THE MAN IN CHARGE OF THE U.S. NAVY’S SUPPLY CHAIN
With his understated demeanor and down- to-earth manner, it’s a bit hard to believe Rear Adm. Peter Stamatopoulos ‘88 (BBA) is in charge of the U.S. Navy’s entire supply chain. But as commander of the Naval Supply Sys- tems Command (NAVSUP), Stamatopoulos runs a $35 billion business. He oversees more than 22,000 personnel, both military and civilian, and commands 11 subordinate organizations around the globe. In addition, he serves as the Navy’s 49th Chief of the Supply Corps, responsible for the leadership de velopment and career path of more than 2,000 Navy supply corps officers and some 20,000 enlisted sailors.
“In simple terms, NAV- SUP is responsible for ensuring that the sailors on board our aircraft, ships, submarines and expeditionary forces, whether they’re at home or at sea, get what they need,” he says. “They need parts, they need food, fuel equipment and services to meet Navy missions and to assure their units are ready to respond when needed.”
But that’s not all. Stamatopoulos also oversees the Na- vy Exchange system, which provides lodging and retail operations for all active duty, reserve forces and retirees and their family members. “Shop- ping, dining, hotels, barber- shops, hair salons and other retail services,” he adds. “So it’s quite a large organization, focused specifically on sailor and family care.”
A third generation San Diegan, he didn’t come from a career military family, though his father served in the Navy Supply Corps during the Korean War and his uncles served in World War ll. “I always knew I wanted to be a naval officer,” he says. “I wanted to be of service to the country. But I was only thinking of doing it for maybe three or four years. I never contemplated making it a lifelong career.”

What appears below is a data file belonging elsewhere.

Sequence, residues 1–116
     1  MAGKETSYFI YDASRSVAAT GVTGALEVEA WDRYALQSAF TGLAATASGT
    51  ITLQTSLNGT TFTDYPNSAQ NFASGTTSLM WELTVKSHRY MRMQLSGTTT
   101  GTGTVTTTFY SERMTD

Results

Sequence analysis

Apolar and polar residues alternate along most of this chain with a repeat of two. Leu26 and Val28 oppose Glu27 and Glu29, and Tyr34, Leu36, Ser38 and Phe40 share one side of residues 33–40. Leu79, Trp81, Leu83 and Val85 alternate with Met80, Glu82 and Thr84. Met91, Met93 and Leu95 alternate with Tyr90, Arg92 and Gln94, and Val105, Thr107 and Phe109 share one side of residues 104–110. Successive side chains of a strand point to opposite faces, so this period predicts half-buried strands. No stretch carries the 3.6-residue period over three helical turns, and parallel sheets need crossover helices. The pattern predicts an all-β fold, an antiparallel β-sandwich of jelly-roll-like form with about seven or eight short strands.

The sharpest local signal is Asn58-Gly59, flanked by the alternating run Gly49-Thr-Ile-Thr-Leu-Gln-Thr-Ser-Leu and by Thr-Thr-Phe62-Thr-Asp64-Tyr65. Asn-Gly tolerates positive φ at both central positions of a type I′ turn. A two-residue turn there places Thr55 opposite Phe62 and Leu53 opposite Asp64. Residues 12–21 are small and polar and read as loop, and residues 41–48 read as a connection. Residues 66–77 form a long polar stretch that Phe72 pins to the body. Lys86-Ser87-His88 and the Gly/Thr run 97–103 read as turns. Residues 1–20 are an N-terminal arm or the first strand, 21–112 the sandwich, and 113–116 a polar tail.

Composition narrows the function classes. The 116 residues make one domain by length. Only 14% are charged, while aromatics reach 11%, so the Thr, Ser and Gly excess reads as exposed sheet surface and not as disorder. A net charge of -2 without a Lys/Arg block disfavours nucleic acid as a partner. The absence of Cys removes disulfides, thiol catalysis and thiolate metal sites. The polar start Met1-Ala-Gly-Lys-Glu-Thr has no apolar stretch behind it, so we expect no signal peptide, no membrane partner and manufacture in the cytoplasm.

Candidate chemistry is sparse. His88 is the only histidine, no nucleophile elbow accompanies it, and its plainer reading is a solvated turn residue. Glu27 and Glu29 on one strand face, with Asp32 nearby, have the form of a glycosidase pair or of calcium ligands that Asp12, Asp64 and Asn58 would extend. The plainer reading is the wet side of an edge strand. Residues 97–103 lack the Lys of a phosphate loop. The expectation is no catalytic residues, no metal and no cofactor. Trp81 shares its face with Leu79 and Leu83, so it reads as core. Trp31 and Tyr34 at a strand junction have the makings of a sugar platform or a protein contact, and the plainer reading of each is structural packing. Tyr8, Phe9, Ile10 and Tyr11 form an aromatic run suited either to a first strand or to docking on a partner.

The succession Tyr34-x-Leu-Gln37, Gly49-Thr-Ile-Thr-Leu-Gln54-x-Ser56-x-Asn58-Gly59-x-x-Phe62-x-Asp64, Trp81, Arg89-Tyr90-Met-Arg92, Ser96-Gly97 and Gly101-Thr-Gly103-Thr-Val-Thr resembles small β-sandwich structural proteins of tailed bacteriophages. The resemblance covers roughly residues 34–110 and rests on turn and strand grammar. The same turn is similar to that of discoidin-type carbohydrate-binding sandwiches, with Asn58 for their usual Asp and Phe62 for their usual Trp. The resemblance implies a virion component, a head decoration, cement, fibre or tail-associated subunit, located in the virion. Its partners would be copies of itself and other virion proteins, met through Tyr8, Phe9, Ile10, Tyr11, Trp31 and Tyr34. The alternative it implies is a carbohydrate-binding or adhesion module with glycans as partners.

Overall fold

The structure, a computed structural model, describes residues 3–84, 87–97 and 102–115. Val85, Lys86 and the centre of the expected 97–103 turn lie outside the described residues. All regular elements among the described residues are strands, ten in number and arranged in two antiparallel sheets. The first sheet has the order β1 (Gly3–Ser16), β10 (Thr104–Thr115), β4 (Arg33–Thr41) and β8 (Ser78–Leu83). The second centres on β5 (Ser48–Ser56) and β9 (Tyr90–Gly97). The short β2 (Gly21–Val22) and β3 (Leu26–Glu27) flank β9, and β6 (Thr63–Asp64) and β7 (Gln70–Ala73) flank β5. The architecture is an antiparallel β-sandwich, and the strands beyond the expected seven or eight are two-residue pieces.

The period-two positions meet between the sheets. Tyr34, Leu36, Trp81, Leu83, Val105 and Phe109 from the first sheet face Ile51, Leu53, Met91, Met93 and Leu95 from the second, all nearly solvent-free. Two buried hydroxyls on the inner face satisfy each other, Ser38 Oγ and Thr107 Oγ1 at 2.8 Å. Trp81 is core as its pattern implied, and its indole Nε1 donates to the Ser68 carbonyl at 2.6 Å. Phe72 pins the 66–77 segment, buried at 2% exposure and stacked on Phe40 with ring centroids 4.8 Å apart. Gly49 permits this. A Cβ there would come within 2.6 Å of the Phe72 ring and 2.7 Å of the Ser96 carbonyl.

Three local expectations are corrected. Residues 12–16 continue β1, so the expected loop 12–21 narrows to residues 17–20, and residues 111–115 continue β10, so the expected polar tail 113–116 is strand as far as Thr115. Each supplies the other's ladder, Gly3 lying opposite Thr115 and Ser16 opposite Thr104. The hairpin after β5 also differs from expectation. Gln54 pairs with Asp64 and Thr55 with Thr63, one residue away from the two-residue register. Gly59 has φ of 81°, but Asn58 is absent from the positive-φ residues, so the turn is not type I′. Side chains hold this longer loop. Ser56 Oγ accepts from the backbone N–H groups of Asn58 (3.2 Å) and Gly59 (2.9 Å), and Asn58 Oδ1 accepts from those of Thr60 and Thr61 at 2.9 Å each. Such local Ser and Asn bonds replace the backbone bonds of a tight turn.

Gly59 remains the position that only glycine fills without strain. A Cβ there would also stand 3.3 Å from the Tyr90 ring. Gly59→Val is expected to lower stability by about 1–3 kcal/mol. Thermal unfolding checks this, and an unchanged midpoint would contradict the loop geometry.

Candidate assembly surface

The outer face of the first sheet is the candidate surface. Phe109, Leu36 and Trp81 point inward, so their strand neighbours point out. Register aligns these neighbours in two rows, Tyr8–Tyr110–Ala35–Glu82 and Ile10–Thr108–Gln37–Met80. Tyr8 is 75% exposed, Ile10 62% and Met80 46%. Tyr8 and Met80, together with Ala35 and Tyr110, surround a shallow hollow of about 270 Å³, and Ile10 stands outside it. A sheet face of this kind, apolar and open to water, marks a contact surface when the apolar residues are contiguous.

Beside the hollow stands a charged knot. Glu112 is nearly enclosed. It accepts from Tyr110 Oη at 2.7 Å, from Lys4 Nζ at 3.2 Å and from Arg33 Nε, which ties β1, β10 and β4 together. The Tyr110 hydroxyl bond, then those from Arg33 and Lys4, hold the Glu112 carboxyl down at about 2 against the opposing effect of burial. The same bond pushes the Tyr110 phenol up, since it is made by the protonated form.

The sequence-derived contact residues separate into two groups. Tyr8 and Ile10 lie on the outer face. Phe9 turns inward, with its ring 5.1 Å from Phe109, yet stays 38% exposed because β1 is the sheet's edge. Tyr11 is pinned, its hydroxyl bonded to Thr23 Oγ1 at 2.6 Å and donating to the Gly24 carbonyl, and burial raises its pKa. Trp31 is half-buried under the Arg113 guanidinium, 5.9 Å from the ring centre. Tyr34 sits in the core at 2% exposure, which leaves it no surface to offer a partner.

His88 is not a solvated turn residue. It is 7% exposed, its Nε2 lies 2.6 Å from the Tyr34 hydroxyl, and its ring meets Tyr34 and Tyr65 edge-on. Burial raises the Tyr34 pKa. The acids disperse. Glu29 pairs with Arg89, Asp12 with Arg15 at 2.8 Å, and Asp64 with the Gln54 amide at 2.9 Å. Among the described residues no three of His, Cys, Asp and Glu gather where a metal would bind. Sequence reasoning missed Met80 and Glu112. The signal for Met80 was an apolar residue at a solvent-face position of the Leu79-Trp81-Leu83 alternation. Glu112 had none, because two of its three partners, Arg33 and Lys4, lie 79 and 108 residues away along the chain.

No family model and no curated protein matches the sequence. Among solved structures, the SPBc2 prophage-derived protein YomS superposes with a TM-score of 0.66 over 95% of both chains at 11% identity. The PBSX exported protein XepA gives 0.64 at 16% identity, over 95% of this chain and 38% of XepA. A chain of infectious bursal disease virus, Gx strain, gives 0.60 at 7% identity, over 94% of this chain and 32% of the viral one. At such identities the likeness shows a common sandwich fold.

More than three decades later, Stamatopoulos is USD’s highest-ranking military alumnus.
During his long and illustrious career, he has deployed around the globe aboard submarines, amphibious assault ships and aircraft carriers. Just prior to his appointment as NAVSUP com- mander, he served as director of logistics for the U.S. European Command, serving both U.S. and NATO forces.
“It’s been very exciting,” he says. “Every experience has built on prior experiences. I’ve worked with the defense industrial base, commercial providers and vendors, joint and allied partners.”
Among the many recognitions he has received over the years, Stamatopoulos says he is most proud of one — the 2006 Adm. Stan Arthur Logistics Team of the Year award. “We were called to do a noncombatant evacuation of American citizens out of Lebanon,” he recalls. “And we evacuated safely — without any injury to anybody — about 15,000 U.S. citizens to safe havens in Cyprus and other European countries.”
Stamatopoulos remains very connected to San Diego and to USD. He and his brother co- own the Turf Supper Club in Golden Hill, an old-time neighborhood steakhouse established in 1950 that remains a beloved landmark from a bygone era.
His son, George ’21 (BA), is a political science major who’s following in his father’s footsteps in the Navy ROTC.
Although it’s been decades since he graduated, Stamatopoulos still credits the university with shaping his character and enriching his world view, and the business school in particular with giving him the grounding and the tools that led to a level of success he couldn’t have begun to imagine.
“I really value my time at USD, and I can’t believe I graduated more than 30 years ago,” he says. “The faculty and students exposed me to a diversity of thought, theory and perspectives. Those interactions and experiences definitely helped to shape me to be the leader in the Navy that I am today.” — Karen Gross